A finite additive measure that is continuous from below is a measure

A finite additive measure $\displaystyle \mu $ is a measure iff it is continuous from above. [sorry, I made a mistake in the title, should be "from above"]

I finished the proof from finite additive to continuous from above, but stuck on the other one...

Proof so far.

Suppose that $\displaystyle \mu : \mathbb {M} \rightarrow [0, \infty ] $ is continuous from above, that is, if $\displaystyle \{ E_j \} ^ \infty _{j=1} \subset \mathbb {M} $ with $\displaystyle E_{j+1} \subset E_j $, then I have $\displaystyle \lim _{j \rightarrow \infty } \mu (E_j)= \mu ( \bigcap ^ \infty _{j=1} E_j ) $.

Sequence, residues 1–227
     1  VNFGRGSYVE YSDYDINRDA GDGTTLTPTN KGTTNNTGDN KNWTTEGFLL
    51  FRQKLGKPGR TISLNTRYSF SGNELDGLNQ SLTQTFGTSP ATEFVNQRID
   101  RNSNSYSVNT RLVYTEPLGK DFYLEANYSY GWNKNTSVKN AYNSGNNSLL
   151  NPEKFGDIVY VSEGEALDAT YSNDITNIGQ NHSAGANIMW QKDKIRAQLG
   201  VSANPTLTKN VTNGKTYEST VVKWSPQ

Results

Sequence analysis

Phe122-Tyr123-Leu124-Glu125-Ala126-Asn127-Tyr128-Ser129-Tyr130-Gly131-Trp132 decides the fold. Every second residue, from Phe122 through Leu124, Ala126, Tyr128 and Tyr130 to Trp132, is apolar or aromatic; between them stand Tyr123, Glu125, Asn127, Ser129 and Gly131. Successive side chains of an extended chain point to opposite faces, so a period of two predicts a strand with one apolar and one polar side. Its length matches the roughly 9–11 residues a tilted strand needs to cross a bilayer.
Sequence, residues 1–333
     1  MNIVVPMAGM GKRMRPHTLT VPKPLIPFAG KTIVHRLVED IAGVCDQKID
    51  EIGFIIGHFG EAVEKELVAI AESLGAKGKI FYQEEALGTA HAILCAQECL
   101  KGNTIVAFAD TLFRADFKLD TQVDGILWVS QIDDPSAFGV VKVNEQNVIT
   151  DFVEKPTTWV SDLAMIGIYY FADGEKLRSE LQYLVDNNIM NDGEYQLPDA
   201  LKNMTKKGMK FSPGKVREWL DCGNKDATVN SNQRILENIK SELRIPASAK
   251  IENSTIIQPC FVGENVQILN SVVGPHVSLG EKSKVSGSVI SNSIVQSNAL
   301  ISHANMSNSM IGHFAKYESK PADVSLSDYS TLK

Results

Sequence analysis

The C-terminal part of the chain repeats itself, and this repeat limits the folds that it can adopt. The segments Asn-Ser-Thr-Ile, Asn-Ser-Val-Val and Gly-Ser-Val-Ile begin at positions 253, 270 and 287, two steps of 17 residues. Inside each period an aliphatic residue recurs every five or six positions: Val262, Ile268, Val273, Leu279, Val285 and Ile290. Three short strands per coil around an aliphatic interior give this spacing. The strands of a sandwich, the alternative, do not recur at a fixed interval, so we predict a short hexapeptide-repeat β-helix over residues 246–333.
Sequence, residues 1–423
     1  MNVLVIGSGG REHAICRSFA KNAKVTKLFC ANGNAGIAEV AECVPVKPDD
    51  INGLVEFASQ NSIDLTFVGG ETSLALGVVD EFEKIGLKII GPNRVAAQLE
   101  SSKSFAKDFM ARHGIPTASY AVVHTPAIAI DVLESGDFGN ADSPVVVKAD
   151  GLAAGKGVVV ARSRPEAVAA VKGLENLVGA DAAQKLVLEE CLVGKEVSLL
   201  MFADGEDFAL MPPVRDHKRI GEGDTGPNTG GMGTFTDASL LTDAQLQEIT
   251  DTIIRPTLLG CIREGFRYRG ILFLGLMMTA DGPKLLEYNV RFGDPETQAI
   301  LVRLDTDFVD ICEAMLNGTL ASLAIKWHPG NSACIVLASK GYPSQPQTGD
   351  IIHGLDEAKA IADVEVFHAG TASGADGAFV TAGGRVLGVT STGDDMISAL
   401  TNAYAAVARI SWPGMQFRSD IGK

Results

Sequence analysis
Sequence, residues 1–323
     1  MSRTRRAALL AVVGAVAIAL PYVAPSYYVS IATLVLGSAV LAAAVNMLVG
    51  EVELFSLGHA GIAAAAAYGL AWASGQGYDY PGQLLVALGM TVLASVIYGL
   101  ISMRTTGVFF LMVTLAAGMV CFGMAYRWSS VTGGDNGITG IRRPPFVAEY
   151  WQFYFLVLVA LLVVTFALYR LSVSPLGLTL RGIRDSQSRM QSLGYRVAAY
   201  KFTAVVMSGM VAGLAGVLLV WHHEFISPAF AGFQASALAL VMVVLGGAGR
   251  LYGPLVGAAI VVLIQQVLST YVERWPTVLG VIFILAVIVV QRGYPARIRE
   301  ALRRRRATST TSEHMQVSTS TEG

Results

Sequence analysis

I will show that $\displaystyle \mu $ is a measure.

Let $\displaystyle \{ E_j \} ^n _{j=1} \subset \mathbb {M} $ be disjoint sets.

Claim: $\displaystyle \mu ( \bigcup ^n _{j=1} E_j) = \sum _{j=1}^n \mu (E_j) $

Let $\displaystyle F_n = \bigcup ^ \infty _{j=1}E_j \ \bigcup ^n _{i=1} E_i$, note that $\displaystyle F_j \subset F_{j+1} $ and $\displaystyle \bigcup ^n_{j=1}F_j$

Now, since $\displaystyle \mu $ is continuous from above, I have $\displaystyle \lim _{n \rightarrow \infty } \mu (F_n) = \mu ( \bigcup ^ \infty _{j=1} F_j ) $

I'm defining the sequence as such base on how I work the other direction, but I can't seem to be able to break the left hand side into a sum of $\displaystyle \mu (E_1) + . . . + \mu (E_n) $.

Any hints? Thank you